Mr. Bolsonaro, the first former military officer to mount a viable bid for the presidency since democracy was restored, recently said he would appoint generals to lead ministries, “not because they are generals, but because they are competent.”

The campaigns seize on broad frustrations across Brazil. Faith in the nation’s democracy and government institutions has cratered in recent years, especially after the 2016 impeachment of President Dilma Rousseff and the enormous kickback schemes that have tainted all major political parties.

A survey by Latinobarómetro, which tracks public opinion across Latin America, found last year that only 13 percent of Brazilians were satisfied with the state of democracy, the lowest ranking among 18 nations. The poll also found that only six percent of Brazilians supported their government, ranking well below other deeply unpopular governments, including those in Venezuela and Mexico.

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Protestors march during a massive demonstration on Paulista Avenue in Sao Paulo, Brazil, on June 20, 2013.CreditMauricio Lima for The New York Times

But the military has largely escaped such criticism. While a majority of Brazilians distrust the current president, Michel Temer, the nation’s Congress and Brazil’s mainstream political parties, eight out of 10 respondents had a favorable view of the armed forces, according to a 2017 poll by Datafolha.

That, analysts and retired generals say, is the reason Mr. Temer has given military officers unusual power in his cabinet. In a break with the past, Mr. Temer appointed a general in February to lead the Defense Ministry.

Public calls for a military intervention surfaced back in 2013, as fringe right-wing groups made that a rallying cry during a chaotic wave of street demonstrations taking aim at the leftist government then led by Ms. Rousseff.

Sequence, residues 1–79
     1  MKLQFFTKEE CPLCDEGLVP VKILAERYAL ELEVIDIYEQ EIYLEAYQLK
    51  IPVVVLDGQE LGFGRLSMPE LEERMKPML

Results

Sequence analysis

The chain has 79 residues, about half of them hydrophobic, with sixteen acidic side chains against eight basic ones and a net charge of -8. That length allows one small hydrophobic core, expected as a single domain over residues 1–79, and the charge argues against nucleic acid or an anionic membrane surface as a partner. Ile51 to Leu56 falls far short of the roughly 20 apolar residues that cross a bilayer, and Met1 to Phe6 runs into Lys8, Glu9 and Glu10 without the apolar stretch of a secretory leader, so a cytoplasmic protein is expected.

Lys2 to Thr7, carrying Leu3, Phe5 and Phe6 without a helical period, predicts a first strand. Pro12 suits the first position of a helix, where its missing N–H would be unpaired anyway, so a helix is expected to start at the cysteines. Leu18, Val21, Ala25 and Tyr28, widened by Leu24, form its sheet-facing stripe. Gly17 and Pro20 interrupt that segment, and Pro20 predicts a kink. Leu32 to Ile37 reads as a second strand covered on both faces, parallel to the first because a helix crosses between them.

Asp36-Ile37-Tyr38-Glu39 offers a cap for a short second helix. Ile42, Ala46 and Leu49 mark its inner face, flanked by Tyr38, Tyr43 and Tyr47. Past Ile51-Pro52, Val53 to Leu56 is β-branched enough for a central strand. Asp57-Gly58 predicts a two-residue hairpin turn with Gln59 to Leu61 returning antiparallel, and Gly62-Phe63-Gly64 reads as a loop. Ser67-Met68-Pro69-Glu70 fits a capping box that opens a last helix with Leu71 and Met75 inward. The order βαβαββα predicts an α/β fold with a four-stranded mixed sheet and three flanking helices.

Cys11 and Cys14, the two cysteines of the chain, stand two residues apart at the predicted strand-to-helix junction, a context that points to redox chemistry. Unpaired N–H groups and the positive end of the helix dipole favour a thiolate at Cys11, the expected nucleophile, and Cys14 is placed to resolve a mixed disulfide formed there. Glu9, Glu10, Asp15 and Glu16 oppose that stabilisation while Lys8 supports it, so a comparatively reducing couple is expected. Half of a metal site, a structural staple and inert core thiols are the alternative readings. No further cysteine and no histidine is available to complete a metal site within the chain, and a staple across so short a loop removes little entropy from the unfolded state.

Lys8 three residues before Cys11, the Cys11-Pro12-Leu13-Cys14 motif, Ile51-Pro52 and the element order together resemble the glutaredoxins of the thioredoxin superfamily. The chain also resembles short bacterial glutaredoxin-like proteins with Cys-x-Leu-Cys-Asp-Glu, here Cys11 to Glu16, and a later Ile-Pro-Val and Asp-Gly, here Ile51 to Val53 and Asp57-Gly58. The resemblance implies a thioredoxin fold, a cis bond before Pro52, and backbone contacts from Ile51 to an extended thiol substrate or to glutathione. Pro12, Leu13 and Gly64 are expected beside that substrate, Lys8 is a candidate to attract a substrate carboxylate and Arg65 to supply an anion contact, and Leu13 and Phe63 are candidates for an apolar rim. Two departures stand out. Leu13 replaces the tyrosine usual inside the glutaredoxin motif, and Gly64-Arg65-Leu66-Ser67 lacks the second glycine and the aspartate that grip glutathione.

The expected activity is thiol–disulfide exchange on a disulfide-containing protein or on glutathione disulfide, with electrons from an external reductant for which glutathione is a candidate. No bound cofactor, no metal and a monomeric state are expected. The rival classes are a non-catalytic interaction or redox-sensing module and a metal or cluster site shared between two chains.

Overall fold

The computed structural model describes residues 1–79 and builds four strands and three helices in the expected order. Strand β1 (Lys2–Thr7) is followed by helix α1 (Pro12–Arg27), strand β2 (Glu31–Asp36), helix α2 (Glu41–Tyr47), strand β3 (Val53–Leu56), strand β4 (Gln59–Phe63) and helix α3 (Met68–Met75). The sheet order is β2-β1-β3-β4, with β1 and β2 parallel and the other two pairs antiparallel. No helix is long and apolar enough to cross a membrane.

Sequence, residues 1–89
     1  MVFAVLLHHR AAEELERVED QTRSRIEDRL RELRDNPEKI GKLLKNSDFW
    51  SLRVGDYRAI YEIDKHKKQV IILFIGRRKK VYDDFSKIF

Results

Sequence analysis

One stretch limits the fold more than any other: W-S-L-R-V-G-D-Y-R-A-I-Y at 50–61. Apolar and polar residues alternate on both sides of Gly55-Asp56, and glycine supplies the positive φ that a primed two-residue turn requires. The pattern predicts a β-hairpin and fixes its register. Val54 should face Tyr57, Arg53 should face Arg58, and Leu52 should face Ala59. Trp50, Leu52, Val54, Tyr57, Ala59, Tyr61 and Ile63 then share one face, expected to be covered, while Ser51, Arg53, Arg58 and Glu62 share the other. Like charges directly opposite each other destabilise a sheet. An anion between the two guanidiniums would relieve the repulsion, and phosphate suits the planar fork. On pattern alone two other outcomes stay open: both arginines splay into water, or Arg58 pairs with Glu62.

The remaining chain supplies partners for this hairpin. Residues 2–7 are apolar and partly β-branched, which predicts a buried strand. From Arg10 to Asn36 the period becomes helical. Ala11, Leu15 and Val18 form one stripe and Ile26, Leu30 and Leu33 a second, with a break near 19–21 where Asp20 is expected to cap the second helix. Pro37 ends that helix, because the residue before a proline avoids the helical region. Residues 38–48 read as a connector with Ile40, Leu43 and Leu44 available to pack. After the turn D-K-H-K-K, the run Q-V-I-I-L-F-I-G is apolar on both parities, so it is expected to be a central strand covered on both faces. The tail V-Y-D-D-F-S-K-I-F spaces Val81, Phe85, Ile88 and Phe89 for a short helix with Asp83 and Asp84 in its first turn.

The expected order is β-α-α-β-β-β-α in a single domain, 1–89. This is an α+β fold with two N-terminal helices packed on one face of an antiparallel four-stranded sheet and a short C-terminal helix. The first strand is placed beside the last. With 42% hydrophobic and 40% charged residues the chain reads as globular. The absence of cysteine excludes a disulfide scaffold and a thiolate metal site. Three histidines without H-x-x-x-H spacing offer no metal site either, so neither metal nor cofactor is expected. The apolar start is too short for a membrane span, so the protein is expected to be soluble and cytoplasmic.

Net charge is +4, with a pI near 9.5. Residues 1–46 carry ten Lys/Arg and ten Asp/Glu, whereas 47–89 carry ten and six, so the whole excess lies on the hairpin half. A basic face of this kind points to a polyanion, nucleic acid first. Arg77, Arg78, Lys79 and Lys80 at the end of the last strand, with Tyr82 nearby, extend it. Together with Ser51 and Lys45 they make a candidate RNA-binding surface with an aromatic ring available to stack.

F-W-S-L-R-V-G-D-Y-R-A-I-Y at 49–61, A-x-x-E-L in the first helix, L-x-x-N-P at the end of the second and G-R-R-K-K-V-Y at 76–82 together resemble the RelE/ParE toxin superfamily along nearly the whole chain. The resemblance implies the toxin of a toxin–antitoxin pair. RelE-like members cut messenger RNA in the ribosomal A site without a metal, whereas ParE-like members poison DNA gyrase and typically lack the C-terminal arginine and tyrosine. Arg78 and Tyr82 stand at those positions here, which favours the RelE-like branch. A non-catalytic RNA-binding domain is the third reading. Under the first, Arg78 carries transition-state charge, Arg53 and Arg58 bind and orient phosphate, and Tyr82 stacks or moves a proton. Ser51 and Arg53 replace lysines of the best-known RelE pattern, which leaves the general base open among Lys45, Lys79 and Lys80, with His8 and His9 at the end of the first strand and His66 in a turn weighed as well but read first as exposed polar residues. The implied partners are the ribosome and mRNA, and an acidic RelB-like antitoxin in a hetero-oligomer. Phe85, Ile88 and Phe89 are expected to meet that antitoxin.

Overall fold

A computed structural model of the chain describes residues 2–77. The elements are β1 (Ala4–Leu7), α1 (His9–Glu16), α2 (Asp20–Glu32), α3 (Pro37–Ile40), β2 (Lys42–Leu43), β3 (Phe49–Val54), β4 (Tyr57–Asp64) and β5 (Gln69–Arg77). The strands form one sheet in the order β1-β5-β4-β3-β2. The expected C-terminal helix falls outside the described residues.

Since then, calls for a military intervention have grown louder, perhaps most strikingly during a nationwide truckers strike in May that paralyzed the country for more than a week.

“This is a cry of desperation against all of this corruption,” said Luciano Zucco, a 44-year-old lieutenant colonel who took a leave of absence from the army this month to run for a state legislature seat. Still Mr. Zucco said he was opposed to a coup. “The intervention has to happen through votes,” he said.

Gen. Eduardo Villas Bôas, the current commander of the army, said in a recent speech that those who talked about military intervention did not understand the “democratic spirit that reigns in all the barracks.”

Even Ms. Rousseff, a former political prisoner who was tortured during the 1970s by the military government and considers her impeachment a political coup, said she would be stunned if today’s generals attempted to take power.

“The generals I have met would not be seduced by these types of adventures of a military intervention,” she said in an interview. “There are many people trying to create the conditions for that, but for my part, I don’t believe it.”

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Gen. Eduardo Villas Bôas, the current head of the armed forces, attends a parade at the Army’s headquarters in Brasilia, in April.CreditEvaristo Sa/Agence France-Presse — Getty Images

Maurício Santoro, a political scientist at Rio de Janeiro State University, said that while no one in Brazil was calling for a lasting dictatorship, many Brazilians, particularly those who did not live through military rule, found the idea of a short intervention appealing.

“Four years ago, I would have said never, but now I would say, It’s not probable, but in some circumstances it could happen,” he said. “You have many people in Brazil who like the idea of the military throwing out the current political class and in six months calling for a new election.”

The debate over such an intervention has grown as active duty and retired high-ranking generals have weighed in on political issues in ways not seen since the dictatorship years.

General Bôas, the commander of the army, took the highly unusual step in April of issuing a statement on Twitter that was widely interpreted as a warning to the Supreme Court.

At the time, the justices were considering whether former President Luiz Inácio Lula da Silva should begin serving a 12-year sentence for corruption. It was a particularly big decision, because Mr. da Silva was running for president again and appeared to be the front-runner in the race.